Rumors of Antoine Walker's potential return to Boston are wrong, but they are telling. And what they have to tell is not about Walker, but about Danny Ainge. Read the analysis in NEWS@.
Rumors of Antoine Walker's return to Boston are greatly exaggerated. However, the rumored transaction reveals a lot more about Danny Ainge than it does about Walker.
The rumor by Peter Vecsey in today's New York Post suggests the Celtics would like to send the Hawks expiring contracts and a first-round pick to retrieve Walker's $14.625 million deal.
It's not going to happen. While Walker has the skills and versatility that the Celtics could really use, in a nutshell, he simply hoists too many threes and has trouble defending both strong power forwards and quick small forwards, even leaving aside the personality clash. Even this year, he ranks 10th in the entire league in three-pointers attempted.
But the more interesting thing behind this rumor is that the Hawks would probably do a trade like this. Their season is going nowhere fast, they are looking to rebuild around youth, and if they can get serviceable rental replacements and a draft pick to boot, without committing any more money for the long-run, they'd be wise to consider it.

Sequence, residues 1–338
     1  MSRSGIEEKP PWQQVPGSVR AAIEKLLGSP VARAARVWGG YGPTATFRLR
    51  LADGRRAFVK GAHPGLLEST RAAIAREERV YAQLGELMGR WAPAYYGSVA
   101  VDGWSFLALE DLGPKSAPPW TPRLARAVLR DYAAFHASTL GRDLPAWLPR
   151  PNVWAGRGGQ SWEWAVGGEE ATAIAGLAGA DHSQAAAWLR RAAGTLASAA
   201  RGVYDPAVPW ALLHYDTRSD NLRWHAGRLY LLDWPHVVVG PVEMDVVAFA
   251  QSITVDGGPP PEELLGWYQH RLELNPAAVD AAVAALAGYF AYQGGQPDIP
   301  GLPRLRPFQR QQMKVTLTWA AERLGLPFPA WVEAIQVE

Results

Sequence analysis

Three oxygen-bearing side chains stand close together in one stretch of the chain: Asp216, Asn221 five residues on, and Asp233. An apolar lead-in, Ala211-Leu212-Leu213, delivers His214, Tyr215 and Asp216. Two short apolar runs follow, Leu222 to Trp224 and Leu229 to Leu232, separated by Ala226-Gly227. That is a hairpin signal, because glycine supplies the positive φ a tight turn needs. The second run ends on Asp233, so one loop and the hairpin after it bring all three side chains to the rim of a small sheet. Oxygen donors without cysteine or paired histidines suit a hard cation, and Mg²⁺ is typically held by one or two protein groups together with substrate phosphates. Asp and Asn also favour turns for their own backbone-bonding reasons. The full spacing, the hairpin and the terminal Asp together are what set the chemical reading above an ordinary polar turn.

Do you realize what that means? It means something about Danny Ainge. existence.
Consider, here are the five major deals that Ainge has spearheaded since becoming GM:
#1: J.R. Bremer and Bruno Sundov for Jumaine Jones
#2: Antoine Walker, Tony Delk for Raef LaFrentz, Jiri Welsch, Chris Mills, and Dallas's 2004 draft pick #24 (Delonte West)
#3: Chris Mills for Chucky Atkins, Lindsey Hunter, Detroit's 2004 first-round draft pick #25 (Tony Allen)
#4: Tony Battie, Eric Williams, Kedrick Brown for Ricky Davis, Chris Mihm, Michael Stewart
#5: Chris Mihm, Chucky Atkins, Jumaine Jones for Gary Payton, Rick Fox, Lakers' 2005 protected first-round draft pick
The proposed fifth deal involves sending cap filler and a first-round pick. Sending Boston's three expiring deals (Gary Payton, Tom Gugliotta, and Michael Stewart) works cap-wise, but Boston would be foolish to part with Payton in such a manner. Besides which, the Glove would not fit in Atlanta. The Glove stays, for now; if a deal involving a good big man comes along, you do what you do.
The point is that Atlanta would likely leap at such a deal, while Boston wouldn't.
But suppose Boston bit. Then, combining the above four trades with this new fifth one means that the Ainge administration would have pulled off the following in its first year on the job:
Lost: Tony Delk, Tony Battie, Eric Williams, Kedrick Brown, J.R. Bremer, and
Gained: Gary Payton, Raef LaFrentz, Jiri Welsch, Delonte West, and Tony Allen.
Which lineup looks more imposing to you?
Which group of players do you think any GM in his right mind would prefer?
Ainge will not bring back Walker, and Walker will not come back. But the mere fact that such a deal would likely pass muster with Atlanta is a tremendous indication that Ainge has dramatically increased the talent of his club. Plus the fact that such a deal is NOT GOOD ENOUGH for the Celtics means they are even better than that.
That's the real interesting story behind this Walker red herring: the Celtics are a much more talented team than they were just fifteen months ago. It's just that the standings haven't started to reflect it yet.